1.      Focus Peaking

If you have a DSLR, you probably might not have heard of focus peaking before. Focus peaking is a tool that highlights (either yellow or red) areas in the frame that are in focus. This allows the photographer to quickly and accurately focus manually. If you look through the viewfinder you will see certain parts of the frame have red lines. By rotating the focus ring on the lens you will see the highlighted areas move closer or further depending on which way you rotate the focus ring.

Why can’t I just use autofocus? You can, however this piece of technology allows the photographer to save some money and just buy some manual focus lenses. You may be thinking, old manual focus lenses are not that sharp or good? Actually, some manual focus lenses are sharper than your autofocus lenses. There is no focusing mechanism or motors in the lenses which the makes the lenses smaller and lighter as well.

2.      Lenses, lenses, lenses

As I just stated with focus peaking, this opens up mirrorless cameras to a huge selection of lenses. With focus peaking you’re not just limited to autofocus lenses. When mirrorless cameras (specifically Sony) came out there was only a couple lenses made specifically for mirrorless. What helped that were the numerous lens adapters that allow virtually any lens to be mounted to a mirrorless camera. My father had owned an Olympus OM-10 film camera. So, I bought an OM-NEX lens adapter. Now, I am able to use any OM lenses with my Sony a6000.

Since I have talked about manual focus lenses, it is time to talk about using autofocus lenses on your mirrorless camera. Up until recently, the focusing of non-propriety lenses on mirrorless cameras was unusable. However, after tests done by Jason Lanier, you are now able to use non-propriety lenses on mirrorless cameras. Jason used the Sony a6300 (due sometime in March) and the Metabones Mark IV. In his video, he shows how quickly and accurately the Sony a6300 is able to focus Canon L lenses.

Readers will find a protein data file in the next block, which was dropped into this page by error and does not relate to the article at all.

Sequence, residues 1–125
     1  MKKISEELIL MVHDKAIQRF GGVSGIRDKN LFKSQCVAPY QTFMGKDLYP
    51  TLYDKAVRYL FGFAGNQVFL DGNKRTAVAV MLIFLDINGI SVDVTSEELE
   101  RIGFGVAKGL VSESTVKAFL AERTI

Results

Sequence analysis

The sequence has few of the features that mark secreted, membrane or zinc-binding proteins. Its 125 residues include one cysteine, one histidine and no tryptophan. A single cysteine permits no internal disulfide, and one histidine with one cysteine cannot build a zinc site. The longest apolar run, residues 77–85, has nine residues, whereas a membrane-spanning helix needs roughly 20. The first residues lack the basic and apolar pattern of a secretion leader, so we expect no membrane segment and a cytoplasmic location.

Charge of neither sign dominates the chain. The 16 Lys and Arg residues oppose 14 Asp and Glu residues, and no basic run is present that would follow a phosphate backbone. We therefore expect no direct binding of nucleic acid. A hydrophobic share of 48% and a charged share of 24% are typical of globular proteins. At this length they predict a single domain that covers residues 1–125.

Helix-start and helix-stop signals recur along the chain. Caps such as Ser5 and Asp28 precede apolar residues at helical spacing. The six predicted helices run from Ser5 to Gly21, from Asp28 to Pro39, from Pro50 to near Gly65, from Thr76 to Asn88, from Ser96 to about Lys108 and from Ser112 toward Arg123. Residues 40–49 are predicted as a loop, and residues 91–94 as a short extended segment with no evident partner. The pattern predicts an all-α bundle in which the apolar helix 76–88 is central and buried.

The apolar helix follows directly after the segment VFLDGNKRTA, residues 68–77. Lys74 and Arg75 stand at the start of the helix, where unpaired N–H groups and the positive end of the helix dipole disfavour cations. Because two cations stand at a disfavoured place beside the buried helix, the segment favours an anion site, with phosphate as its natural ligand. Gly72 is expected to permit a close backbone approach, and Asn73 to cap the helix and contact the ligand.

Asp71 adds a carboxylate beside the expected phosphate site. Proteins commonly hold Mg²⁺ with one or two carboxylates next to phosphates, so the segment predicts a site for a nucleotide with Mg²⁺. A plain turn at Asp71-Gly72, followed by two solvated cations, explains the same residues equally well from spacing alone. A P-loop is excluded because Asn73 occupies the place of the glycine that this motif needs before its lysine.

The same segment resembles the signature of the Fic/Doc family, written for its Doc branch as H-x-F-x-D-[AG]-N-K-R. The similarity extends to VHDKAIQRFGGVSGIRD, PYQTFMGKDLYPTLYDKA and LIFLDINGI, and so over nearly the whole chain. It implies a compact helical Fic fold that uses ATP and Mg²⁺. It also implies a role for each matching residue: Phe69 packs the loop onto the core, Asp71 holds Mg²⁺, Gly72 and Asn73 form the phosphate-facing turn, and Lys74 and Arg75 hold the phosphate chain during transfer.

3.      EVF

If you are familiar with DSLRs, you probably know that it uses mirrors and an optical viewfinder. What you see in frame is sent to your eye through a mirror and a prism. When you take a picture, the mirror lifts up exposing the camera sensor behind it, thus taking a picture. However, in mirrorless cameras, there is no mirror or prism. There is actually nothing in front of the sensor. The sensor is reading the image and then sending that image to the back screen or the viewfinder.

Sony mirrorless cameras feature an OLED viewfinder. An OLED viewfinder is a very high quality LED screen. As I just mentioned, DSLRs use an optical viewfinder. In mirrorless cameras, they use an electronic viewfinder (EVF). An OLED viewfinder is an EVF just a higher quality and newer technology. An EVF allows for a big advantage compared to the standard optical viewfinder. What you see is what you get. Since the image is not going through mirrors, you are getting exactly what the image sees. You can make an exposure adjustment and see that right through the viewfinder. This allows the photographer not to have to take a picture and see if he/she needs to adjust the exposure. Ultimately, making mirrorless cameras quicker and easier than DSLRs to use.